The Women Who Waged War Against Sex Trafficking in San Francisco

“The White Devil’s Daughters” examines the enslavement of Chinese women in the late-19th century and how it was defeated

Tien Fuh Wu (standing in the back, on the left) and Donaldina Cameron (seated, center) with a group of women who may have been Mission Home staffers. (Courtesy of Louis B. Stellman, California State Library)
smithsonian.com

In the 1870s, San Francisco, and the American West generally, was a hotbed of anti-Chinese sentiment. Spurred by racism, exacerbated by the economic uncertainty of an ongoing recession, the xenophobia manifested itself in discriminatory legislation and violent physical intimidation against Chinese men and women. Anti-miscegenation laws and restrictive policies that prohibited Chinese women from immigrating to the U.S. created a market for human trafficking, which corrupt officials overlooked.

“In the latter decades of the nineteenth century, many women in Chinatown ended up working as prostitutes, some because they were tricked or sold outright by their families,” writes journalist Julia Flynn Siler in her new book, The White Devil’s Daughters. “They were forbidden to come and go as they pleased, and if they refused the wishes of their owners, they faced brutal punishments, even death.”

Motivated by their Christian faith, a group of white women set out to offer the immigrant women a path out of slavery and sex trafficking and, ideally, into what they viewed as good Christian marriages. In 1874, they founded the Occidental Board Presbyterian Mission House and, for the next six decades, more than 2,000 women passed through the doors of the brick building at 920 Sacramento Street, San Francisco. Among them were Bessie Jeong, who became the first Chinese woman to graduate from Stanford University, Tye Leung Schulze, one of the first Chinese-American women to vote in the U.S. and who worked as a translator at Angel Island immigration station, and Yamada Waka, who returned to her home country of Japan to become a leading feminist there.

Smithsonian spoke with Flynn Siler about the Mission House’s history, this early anti-trafficking effort and why this story is still relevant today.

Slavery was technically outlawed in the United States with the passage of the 13th Amendment, but another type of slavery exploded in California in the years following. What was this “other slavery,” and why was it allowed to continue?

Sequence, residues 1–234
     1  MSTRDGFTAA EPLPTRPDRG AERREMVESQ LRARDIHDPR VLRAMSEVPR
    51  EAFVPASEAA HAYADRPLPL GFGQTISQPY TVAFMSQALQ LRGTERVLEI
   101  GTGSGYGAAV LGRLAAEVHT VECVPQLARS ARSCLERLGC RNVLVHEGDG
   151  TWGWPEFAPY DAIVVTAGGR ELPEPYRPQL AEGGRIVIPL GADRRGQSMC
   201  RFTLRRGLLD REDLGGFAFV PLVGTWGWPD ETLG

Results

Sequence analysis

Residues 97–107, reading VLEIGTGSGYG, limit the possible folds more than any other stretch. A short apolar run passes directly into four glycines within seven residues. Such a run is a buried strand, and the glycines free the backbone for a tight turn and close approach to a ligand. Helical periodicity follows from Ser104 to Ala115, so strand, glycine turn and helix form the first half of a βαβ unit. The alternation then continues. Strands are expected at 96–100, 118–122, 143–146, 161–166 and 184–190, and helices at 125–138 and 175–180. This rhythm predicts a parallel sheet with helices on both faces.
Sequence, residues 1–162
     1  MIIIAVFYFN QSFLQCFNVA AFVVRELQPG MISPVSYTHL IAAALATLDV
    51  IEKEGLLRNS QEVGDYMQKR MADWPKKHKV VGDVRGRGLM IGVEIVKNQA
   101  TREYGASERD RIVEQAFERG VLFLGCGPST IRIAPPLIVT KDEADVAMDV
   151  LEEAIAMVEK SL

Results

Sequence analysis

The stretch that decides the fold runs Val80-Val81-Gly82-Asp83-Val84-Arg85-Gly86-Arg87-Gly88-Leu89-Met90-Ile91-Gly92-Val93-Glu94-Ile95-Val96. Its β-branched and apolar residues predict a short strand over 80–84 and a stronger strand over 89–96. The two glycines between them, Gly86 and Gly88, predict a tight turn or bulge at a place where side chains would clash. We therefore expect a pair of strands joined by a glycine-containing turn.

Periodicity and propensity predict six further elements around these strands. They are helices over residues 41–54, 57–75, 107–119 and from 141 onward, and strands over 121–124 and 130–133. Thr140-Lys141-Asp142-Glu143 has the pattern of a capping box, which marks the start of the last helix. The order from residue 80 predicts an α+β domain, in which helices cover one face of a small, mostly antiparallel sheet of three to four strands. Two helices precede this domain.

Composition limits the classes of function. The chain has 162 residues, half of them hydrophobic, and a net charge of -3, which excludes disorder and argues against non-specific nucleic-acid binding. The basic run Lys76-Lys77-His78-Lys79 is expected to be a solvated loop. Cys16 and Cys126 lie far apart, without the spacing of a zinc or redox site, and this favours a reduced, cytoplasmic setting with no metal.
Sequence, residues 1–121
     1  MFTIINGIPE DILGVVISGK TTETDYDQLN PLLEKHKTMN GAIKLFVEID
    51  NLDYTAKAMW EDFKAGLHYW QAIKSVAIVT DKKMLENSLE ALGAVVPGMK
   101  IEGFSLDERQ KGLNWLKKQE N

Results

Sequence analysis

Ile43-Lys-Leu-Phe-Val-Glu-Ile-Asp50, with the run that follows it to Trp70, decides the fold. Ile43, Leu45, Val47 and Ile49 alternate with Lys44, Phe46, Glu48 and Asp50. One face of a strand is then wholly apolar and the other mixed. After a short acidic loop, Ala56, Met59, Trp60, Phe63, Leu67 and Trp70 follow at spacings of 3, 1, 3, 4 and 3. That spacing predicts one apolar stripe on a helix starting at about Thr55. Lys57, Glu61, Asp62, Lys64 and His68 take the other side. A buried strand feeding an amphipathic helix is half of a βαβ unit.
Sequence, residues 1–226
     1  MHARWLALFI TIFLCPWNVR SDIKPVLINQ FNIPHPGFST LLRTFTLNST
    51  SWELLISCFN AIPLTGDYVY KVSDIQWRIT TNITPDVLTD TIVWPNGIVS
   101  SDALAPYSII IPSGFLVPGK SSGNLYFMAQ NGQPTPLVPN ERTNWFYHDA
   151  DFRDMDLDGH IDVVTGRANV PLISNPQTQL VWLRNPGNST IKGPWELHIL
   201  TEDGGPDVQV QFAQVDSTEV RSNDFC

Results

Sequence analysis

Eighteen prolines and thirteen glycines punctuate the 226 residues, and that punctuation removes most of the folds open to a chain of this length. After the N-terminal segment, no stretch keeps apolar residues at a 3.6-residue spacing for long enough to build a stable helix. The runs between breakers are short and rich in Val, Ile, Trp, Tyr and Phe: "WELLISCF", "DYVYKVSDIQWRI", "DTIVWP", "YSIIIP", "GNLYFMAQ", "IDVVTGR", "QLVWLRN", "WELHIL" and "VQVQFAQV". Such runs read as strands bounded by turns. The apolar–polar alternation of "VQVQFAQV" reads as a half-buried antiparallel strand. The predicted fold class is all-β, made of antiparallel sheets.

It was what we now describe as the trafficking of women from China to the west coast. Those women were literally sold at auction in the 1860s and the 1870s on the wharf of San Francisco. Later on, those sales started to go underground, but the trafficking of women for sex slavery, for forced prostitution, continued into the early 20th century. It continues today, but not in the way you would see hundreds of women coming off ships and being sold.

What role did the U.S.s immigration policies play in this new slavery? Was San Francisco's government or the police force doing anything to curb the trafficking?

The immigration policies played a very dramatic role and led to the very striking imbalance in genders. The Page Act, which barred most Chinese and Asian women from entering the United States, was an effort to try to stop so-called prostitutes from entering the country. In the 1870s there were 10 Chinese men for every one Chinese woman [living in San Francisco]. The 1882 Chinese Exclusion Act [banned all labor immigrants from China and] only allowed a certain class of Chinese person, including merchants and students, to come into the United States.

This immigration policy backfired in that [the immigration of] Chinese women was restricted, but there was a huge demand for Chinese women from men who were very far away from their families. So criminal elements seized on this opportunity and recognized that it could become very lucrative to bring women into the country for sex.

Enormous corruption amongst the police force and city government through the latter half of the 19th century actively helped the trafficking and the traffickers used it to their advantage.

What was the Occidental Mission House? What motivated the women who founded the home?

This story begins with a visiting missionary from China and was describing the condition of Chinese girls and women there. A group, mostly of missionaries’ wives, got together and they decided they wanted to try to do something. They soon realized that instead of looking to try to help girls and women in China, they should look closer to home in that the girls and women that were literally on their doorsteps were suffering very greatly and that it was an incredible opportunity to try to reach out to them.

They decided to exercise power in a way that was open to them, which was to found a home, a charitable enterprise. The purpose was to provide refuge to girls and women who had been trafficked into sex slavery or prostitution. It was also, of course, to try to share their Christian faith with them.

What started as a trickle in women taking up the missionaries on their offer, grew exponentially. By the 1880s, the home was filled with 40, 50, 60 girls and women living there at any one time. Often, some would stay for a day or two, some would stay for a few months, some would stay for years and go to work in the home themselves.